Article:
The theme, like this week, is “evanescent” – although the week could be quite memorable, since I am here in Canberra awaiting the birth of Juniper’s sibling. We spent much of yesterday afternoon outside, enjoying the fleeting autumn sunshine and the last of the fast -falling leaves. Juni’s Mummy gave her some big sticks of chalk to draw on the concrete path, knowing that whatever art she produced would soon be gone. It rained a bit today (which didn’t keep Juni from playing outside), so I’m guessing the chalk marks have already faded away. Thanks to photography, they won’t be utterly forgotten, though.
The red leaf was hanging by a thread, besides which the ray of sunlight would soon move away, so that glow was particularly short-lived. We all know about dandelion clocks! I count myself lucky to have found one still intact.
My Dad was an inveterate collector, obsessed with the rich heritage of Regency England’s gunmakers. He was famous amongst the arcane circle of gun collectors for his encyclopedic knowledge of the guns, their makers and their wealthy, titled owners. As a boy he loved pirate stories, and tales of derring-do, which morphed and grew as the years went by. He always excused his expensive habit as “investment”, which has proved true. Most have them have been sold now, which is rather sad, but inevitable.
I didn’t inherit Dad’s passion for “Old Guns”, but I definitely have the collector gene, if there is one…None of my collections are going to realise much fiscal value in years to come, but that’s not the point. I like tracking down and looking at this stuff!
Some things I collect become parts of mixed media art – such as the wind-chime I made from a bit of a broken coffee plunger and a lot of detritus. Then there’s vintage orange plastic (sometimes I buy green, too, but mainly orange), coloured glass (seen alongside a Russian samovar, which was Dad’s, not sure why he bought it!), vintage textiles, which I actually use, eventually, and a shelf of books about Kurt Cobain/Nirvana. Oh, and fake plastic (and ceramic) cacti, because…why not?
Time for reflecting this week – and once again the week is running away from me.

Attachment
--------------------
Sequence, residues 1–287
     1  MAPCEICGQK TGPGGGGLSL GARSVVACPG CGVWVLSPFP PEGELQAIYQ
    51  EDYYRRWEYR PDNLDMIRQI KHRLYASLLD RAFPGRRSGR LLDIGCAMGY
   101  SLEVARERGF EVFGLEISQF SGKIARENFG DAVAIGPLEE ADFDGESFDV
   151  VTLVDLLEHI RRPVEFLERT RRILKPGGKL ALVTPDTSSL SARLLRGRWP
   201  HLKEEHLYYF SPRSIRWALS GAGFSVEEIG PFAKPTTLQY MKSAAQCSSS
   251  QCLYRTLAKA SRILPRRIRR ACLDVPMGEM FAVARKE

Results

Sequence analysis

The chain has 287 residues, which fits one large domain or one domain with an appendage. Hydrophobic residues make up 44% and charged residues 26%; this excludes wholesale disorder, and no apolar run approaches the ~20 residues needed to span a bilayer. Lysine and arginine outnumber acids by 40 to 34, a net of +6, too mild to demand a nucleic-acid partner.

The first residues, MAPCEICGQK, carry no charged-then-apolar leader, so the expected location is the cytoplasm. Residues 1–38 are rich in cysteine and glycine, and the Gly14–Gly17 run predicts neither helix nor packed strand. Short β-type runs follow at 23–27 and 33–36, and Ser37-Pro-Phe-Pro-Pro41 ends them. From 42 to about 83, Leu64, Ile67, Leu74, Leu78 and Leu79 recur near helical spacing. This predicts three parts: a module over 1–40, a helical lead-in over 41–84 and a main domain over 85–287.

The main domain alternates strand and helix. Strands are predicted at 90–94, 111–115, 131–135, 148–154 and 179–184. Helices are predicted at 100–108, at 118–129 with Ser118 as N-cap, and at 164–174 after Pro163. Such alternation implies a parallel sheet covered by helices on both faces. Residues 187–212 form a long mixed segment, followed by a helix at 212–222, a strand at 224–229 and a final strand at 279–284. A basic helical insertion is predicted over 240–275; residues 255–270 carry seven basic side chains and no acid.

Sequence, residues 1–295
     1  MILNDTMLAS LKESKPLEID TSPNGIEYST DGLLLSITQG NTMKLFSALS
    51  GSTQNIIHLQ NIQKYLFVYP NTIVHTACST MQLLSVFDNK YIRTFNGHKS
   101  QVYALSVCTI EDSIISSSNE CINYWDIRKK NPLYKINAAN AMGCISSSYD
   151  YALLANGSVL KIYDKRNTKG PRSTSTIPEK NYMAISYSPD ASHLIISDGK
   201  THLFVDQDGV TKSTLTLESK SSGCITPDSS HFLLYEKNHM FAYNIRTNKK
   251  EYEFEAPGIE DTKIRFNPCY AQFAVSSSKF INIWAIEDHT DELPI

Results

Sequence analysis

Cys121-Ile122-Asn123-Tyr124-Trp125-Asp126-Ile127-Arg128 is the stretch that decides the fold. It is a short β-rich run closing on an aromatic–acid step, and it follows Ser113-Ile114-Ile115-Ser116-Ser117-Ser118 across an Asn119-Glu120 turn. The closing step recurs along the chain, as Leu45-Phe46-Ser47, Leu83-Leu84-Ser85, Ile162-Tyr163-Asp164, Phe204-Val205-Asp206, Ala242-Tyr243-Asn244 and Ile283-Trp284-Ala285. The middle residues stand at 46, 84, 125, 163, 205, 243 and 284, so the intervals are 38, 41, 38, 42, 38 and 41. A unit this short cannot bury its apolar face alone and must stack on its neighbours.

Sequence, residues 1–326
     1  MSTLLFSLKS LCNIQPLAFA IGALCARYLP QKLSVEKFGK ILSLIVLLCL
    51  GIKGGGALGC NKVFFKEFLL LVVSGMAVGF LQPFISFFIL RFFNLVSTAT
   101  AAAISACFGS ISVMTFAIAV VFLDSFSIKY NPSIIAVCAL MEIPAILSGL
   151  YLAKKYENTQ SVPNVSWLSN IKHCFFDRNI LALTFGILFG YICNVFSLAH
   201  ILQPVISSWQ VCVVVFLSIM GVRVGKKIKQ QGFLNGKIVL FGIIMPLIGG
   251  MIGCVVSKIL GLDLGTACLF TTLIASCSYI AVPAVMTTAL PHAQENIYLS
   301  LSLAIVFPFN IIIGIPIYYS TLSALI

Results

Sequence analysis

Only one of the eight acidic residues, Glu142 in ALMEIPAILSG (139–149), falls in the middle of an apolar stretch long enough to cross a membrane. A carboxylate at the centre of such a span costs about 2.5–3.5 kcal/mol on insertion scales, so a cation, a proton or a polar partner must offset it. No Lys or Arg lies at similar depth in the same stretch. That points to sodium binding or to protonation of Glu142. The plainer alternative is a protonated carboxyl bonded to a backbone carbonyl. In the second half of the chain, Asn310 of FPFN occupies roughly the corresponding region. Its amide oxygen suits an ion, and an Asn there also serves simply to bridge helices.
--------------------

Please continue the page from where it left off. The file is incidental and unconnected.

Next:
Our lounge room is quite small, so a collection of mirrors hangs above the fireplace to make it seem bigger and brighter – lots of reflections there!
Our local Hall has been upgraded recently – nice new toilets, better kitchen facilities, all-abilities access. The fine old floor in the main Hall had a makeover, too, with a light sand and refinishing that brings up the colour and makes the floor glow. We are looking forward to dancing on it!
All the old photos were taken down and stored during the upgrade – now the Committee is faced with the task of putting them all back up. The collage of photos of local men and women who served in World War 2 is a subject for reflection of another kind. All these people went off into the unknown to defend the freedoms we take for granted. Fortunately most of them survived and made it back home. I had the pleasure of getting to know some of them, including Cpl Chris Wilton, whose brother lived across the road from us when we moved here over 32 years ago.
This week’s challenge is about danger – I’m finding there’s a danger that the week will slip past on a banana peel of busy-ness, and I won’t have thought of what to post before the next challenge gets to my mailbox. However, Michelle’s story of disappointingly small, not-very-dangerous looking seed pods reminded me of this street tree in Mt Hawthorn, Perth, which I used to walk past every day when my grand daughter Juniper was a new baby. I never saw one of the cones, and wasn’t sorry, since I was aware of their fearsome and deserved reputation. My husband and son once camped where the Bunya Pine is endemic, and got to hear the sickening thud of a cone hitting the ground from a great height.
Last summer, we stopped for a break at a park in Central Victoria – and found a Bunya pine cone on the ground. Green and full of sap, it was heavy enough to do serious damage, and covered in sharp spines, just in case. The “leaves” are also well armoured, but that didn’t stop a cockatoo from chopping it off. It is now dry, much lighter and smaller, but I still wouldn’t like one to hit me…Why municipalities decided to plant them as street trees, or even in public parks, is a mystery to me, although I guess it was back in the days when playground equipment carried the added excitement of real and present danger to life and limb, and litigiousness was unheard of.
If someone would hurry up and invent a reliable, working Tardis, I would feel much more inclined to travel, because there would be no packing, or tickets and hotels to book, just the fun parts…so long as there were no Daleks, Cybermen et al, of course. Meantime, my wanderlust is largely about family excursions, and trips to visit family. It’s now 5 1/2 years since we took off to the Pacific North West for a whole month of packing, tickets and hotels, ticking a few things off a list that keeps growing.
Our internet at home was off for a month or more before the trip, which made research difficult or impossible, so we missed out on some things and didn’t get quite enough of others – which is why we “need” to wander back across the Pacific and have another go. The weirdest thing for me was that the midday sun was on the wrong side. I didn’t see the northern stars at all, so that’s another thing that wants fixing….
We missed going to SAM ( the only day we had free it was closed), didn’t get to walk in the Hoh Rainforest, or see sea stacks, left Aberdeen one day before the B52’s were to play at the D&R Theatre (too late for that one…), our visit to Mt St Helens was way too brief, but awesome anyway. There are wildlife places we could have visited, if only we’d known, so clearly we do “need” to go back and have another (better informed) wander in Washington State